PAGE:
We were travelling around Australia and stopped to earn some money
Came for a holiday and liked it
The Territory’s where the van broke down
I was travelling round Australia, got to Alice, and thought ‘this is the place to stay’
We came for a holiday and liked it so much we never returned to Tasmania
Came on a visit and stayed
Many people move to the NT with the intention of moving out after some period
* Non-Indigenous adults who moved to the NT between 1997 and 2006
* Non-Indigenous adults who moved to the NT between 1997 and 2006 stating they intended to stay for less than 10 years
Dissatisfaction with opportunities in NT public service: “I felt that the NT public service was not interested in developing people of my age”
Reluctant move south for husband’s career
Unpleasant working environment at one particular hospitality workplace
Unfulfilling work in medical field: “they were doing practices that were out of the 1970s”
“I got pregnant and wanted to make sure that my baby grew up with my sister and her family near us, so that’s when I decided to move”
“I wanted the kids to know their cousins and aunties so we moved for family reasons”
“Both of us are lucky to have our parents alive down south, but they’re in their 80s. There was a strong pull to be back closer to them”
“Too bloody hot”
“Don’t like the cyclone season”
“I want to go somewhere where it gets cold”
Retiree wanted to do lots of gardening in retirement. “The build-up was getting to me. October, November, December was just so bloody uncomfortable”
“Had enough of the heat”
* Non-Indigenous adults stating they intended to leave within 10 years
* Non-Indigenous adults stating they intended to leave within 10 years who answered ‘yes’ or ‘maybe’ to the question about something persuading them to stay
“Income for teachers is higher here but it’s going backwards because of the cost of living”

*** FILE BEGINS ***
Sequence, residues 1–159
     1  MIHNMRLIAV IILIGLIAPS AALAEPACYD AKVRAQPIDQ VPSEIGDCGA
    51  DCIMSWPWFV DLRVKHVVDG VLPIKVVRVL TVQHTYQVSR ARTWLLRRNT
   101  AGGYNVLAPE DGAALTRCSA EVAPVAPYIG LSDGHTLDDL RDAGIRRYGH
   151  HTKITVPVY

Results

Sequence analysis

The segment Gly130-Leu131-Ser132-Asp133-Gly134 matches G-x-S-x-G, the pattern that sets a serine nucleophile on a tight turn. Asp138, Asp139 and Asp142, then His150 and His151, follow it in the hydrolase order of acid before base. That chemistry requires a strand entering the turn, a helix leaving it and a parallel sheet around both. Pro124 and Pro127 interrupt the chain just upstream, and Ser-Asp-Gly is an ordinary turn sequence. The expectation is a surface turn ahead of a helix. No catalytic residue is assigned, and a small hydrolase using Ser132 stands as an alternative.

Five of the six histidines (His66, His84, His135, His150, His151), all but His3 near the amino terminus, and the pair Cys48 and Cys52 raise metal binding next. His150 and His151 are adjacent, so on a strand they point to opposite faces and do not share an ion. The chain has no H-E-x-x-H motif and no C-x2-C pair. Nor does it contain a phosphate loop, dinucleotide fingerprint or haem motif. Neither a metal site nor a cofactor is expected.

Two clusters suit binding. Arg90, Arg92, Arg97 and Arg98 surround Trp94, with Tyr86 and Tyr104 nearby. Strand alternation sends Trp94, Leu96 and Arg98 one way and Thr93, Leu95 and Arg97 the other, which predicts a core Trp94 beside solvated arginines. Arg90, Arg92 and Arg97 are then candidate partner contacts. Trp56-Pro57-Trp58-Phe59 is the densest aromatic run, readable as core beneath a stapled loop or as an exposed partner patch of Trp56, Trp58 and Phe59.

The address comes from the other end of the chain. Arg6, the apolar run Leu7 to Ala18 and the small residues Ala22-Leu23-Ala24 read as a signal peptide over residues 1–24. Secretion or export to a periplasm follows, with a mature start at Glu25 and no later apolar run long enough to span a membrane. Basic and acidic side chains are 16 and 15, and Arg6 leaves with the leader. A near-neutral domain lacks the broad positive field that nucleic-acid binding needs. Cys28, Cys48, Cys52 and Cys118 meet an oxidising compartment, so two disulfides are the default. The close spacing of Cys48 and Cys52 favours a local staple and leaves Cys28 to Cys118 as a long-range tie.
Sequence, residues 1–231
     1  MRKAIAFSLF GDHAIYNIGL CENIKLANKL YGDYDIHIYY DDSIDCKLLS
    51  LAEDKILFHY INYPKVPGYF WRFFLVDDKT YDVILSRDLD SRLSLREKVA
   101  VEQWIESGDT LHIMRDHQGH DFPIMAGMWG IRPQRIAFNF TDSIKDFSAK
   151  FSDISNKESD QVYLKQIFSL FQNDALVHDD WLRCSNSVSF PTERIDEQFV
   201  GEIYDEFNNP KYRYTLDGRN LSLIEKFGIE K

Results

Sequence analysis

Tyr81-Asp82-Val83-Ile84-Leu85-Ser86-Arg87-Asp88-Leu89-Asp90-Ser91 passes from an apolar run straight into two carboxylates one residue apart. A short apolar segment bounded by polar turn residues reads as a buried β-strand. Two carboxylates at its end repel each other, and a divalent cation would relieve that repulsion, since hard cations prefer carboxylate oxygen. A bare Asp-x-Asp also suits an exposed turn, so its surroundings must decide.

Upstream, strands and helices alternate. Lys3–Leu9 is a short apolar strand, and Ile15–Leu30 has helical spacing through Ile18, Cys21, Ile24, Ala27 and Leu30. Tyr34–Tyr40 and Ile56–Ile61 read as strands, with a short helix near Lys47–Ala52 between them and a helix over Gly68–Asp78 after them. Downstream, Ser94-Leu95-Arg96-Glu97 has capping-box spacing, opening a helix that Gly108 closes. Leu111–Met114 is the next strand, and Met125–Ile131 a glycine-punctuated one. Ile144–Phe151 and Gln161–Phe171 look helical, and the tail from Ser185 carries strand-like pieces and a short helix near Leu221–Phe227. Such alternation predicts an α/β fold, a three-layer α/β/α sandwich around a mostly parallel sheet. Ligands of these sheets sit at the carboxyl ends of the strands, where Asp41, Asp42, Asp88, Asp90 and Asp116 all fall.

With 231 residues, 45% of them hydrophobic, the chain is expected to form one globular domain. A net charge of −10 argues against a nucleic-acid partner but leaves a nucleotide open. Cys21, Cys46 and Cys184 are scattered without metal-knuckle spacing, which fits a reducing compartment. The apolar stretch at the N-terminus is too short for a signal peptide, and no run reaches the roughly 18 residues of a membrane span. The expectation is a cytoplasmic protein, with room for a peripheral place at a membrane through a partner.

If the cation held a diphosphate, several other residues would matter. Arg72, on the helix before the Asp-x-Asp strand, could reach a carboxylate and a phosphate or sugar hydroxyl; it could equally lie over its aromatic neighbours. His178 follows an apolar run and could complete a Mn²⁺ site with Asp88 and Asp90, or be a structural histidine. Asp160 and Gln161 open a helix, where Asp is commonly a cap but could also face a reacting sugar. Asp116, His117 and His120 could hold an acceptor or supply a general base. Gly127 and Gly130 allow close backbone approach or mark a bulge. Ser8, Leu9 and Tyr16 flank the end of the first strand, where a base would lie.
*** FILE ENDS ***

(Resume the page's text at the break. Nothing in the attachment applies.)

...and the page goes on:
“a better job opportunity or a promotion”
“if the perks and allowances were reinstated”
“I would stay if I got an increase in salary”
“if I got a little more respect from my employer”
“if I could get more work in Darwin I would definitely think about staying”
“If the schooling was up to scratch”
“If CDU had better social science I might stay”
“If I could complete my studies here”
“being able to access better education opportunities”
“better standard of education for the kids”
It is never due to just one “factor”.
Individual and family move/stay decisions are made within a wider context that encompasses
Decisions of companies/organisations
Needs of other family members
The size, structure & operation of the NT economy is key to understanding migration to and from the Territory.
Types of industry
Employment practices of major employers
(e.g. fixed term contracts, postings, etc.)
Even for people who are motivated to move for non-economic reasons, the availability of employment is often a facilitating factor.
NT Mobility Project is moving towards a better understanding of migration to & from the NT
Also helpful to understand, in the context of so much mobility, why some people reside in the NT long-term
Can migration turnover be reduced through policy intervention? Possibly slightly. Maybe better to:
accept high migration turnover but manage it better
focus on increasing the size of the NT economy
maintain high fertility rates
Projection assumptions – status quo scenario
Under a status quo scenario
considerable population growth
But projections are very uncertain for the NT
much depends on economic growth & interstate competition for workers
fertility could fall
overseas migration could drop